Elizabeth Fahey ’74

Elizabeth Fahey ’74

Written by Nataly Cifuentes ’16

Elizabeth Fahey '74

Elizabeth Fahey ’74

With a dedication to public service, Elizabeth Fahey has become a Superior Court judge for the Commonwealth of Massachusetts, serving on both national and international cases.

As an Elmhurst, Convent of the Sacred Heart High School graduate, Elizabeth Fahey applied and was accepted to Manhattanville College. Having both the academic and financial incentive to attend, she received her Bachelor of Arts in both History and Economics as a member of the Class of 1974.

During her years at Manhattanville, Fahey made lifelong friendships among her classmates with whom she still keeps in touch with to this day. She was most significantly influenced by her professors Cora Brady and Barbara Debs, who taught “Religious Sources of Political Radicalism” and “Survey of Art History,” respectively. The education she received at Manhattanville helped her prepare for and be accepted into law school, which had always been her calling. After completing her undergraduate studies in only three years, she took a year off before continuing her studies. During this year, she worked in the Alumni Office at Brown University before attending Law School at Boston College.

For the first six years after earning her law degree in 1977, Fahey worked as Assistant to the District Attorney in Middlesex County, Massachusetts. In this role, she gained significant experience in trying cases, especially those related to rape and sexual assault. “These cases made me realize the incredible trauma that goes along with those kinds of crimes, and I haven’t forgotten,” Fahey reflected.

From 1983 to 1999, Fahey’s focus shifted as she worked in private practice in Boston where she specialized in civil rights, municipal liability, product liability, medical malpractice, and general liability. Although she enjoyed her time with private practice, Fahey found that she liked trying cases in the courtroom and believed she was sufficiently familiar with trial procedures and the responsibilities of a judge.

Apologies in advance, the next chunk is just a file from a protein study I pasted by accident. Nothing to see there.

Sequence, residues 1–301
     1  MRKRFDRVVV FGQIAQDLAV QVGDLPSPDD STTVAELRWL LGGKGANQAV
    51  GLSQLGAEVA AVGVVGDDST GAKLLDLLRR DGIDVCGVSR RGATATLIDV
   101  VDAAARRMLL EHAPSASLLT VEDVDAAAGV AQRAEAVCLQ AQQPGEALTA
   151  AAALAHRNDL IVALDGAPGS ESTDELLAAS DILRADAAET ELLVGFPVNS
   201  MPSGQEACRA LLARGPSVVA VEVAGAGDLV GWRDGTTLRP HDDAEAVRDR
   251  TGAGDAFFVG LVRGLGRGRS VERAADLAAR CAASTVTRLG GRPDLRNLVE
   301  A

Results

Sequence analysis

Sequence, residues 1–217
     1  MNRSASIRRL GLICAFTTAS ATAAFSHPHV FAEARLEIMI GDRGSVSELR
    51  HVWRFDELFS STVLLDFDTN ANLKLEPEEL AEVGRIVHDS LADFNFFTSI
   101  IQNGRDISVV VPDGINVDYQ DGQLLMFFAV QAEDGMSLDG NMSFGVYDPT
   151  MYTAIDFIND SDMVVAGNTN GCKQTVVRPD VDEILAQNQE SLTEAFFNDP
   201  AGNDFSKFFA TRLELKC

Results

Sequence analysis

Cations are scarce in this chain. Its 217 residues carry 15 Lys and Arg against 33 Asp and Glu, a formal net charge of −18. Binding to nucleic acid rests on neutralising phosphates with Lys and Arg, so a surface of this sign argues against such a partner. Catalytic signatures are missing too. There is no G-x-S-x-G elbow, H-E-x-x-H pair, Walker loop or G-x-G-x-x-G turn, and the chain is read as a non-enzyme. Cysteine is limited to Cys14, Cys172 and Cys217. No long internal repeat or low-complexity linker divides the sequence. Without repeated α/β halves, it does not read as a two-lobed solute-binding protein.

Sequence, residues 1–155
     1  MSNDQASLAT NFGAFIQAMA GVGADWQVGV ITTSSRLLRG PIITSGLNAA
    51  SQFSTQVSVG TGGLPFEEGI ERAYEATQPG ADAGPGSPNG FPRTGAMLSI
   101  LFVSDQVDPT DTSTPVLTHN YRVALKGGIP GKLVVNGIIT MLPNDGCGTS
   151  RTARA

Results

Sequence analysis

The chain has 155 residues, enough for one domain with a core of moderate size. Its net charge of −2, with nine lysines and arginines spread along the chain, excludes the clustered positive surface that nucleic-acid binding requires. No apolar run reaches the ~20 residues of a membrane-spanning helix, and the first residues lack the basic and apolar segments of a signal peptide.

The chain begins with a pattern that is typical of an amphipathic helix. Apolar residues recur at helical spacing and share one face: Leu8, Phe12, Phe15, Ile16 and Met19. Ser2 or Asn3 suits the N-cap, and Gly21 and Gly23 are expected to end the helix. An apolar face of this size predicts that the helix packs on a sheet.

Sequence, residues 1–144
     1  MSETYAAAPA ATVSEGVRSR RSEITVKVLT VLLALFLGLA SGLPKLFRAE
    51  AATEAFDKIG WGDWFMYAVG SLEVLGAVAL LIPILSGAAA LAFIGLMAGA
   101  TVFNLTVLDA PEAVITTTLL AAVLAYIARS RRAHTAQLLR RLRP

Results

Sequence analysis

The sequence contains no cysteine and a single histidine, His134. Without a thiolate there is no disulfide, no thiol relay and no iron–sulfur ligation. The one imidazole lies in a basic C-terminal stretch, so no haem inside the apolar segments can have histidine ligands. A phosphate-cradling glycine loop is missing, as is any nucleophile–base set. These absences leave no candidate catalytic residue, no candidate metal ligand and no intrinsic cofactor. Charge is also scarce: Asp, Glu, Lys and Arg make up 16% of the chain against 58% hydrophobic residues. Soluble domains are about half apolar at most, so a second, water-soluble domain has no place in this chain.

To Elizabeth, becoming a judge was the next step in her career. “I still had a long learning curve, but it was one I enjoyed a lot,” she shared. “I think there is a huge benefit in participating and working in public service.” In 1999, she was sworn in as a Superior Court Judge for the Commonwealth of Massachusetts.

Throughout her career, Elizabeth has been a part of many important programs. She participated in the U.S. State Department-sponsored Rule of Law programs, traveling to China on four occasions and once to both Macedonia and Mongolia. During these trips, she met judges and lawyers from various countries to discuss a wide range of legal issues. Such topics included the importance of having a fair trial with jurors (as opposed to allowing judges to make all decisions) and the independence of the judiciary, which stresses the importance of evidence-based court decisions.

Later in her career, Elizabeth took a leave of absence from 2007 to 2008 to work as an international judge in the War Crimes Chamber of the State Court of Bosnia and Herzegovina to resolve cases resulting from the Bosnian War.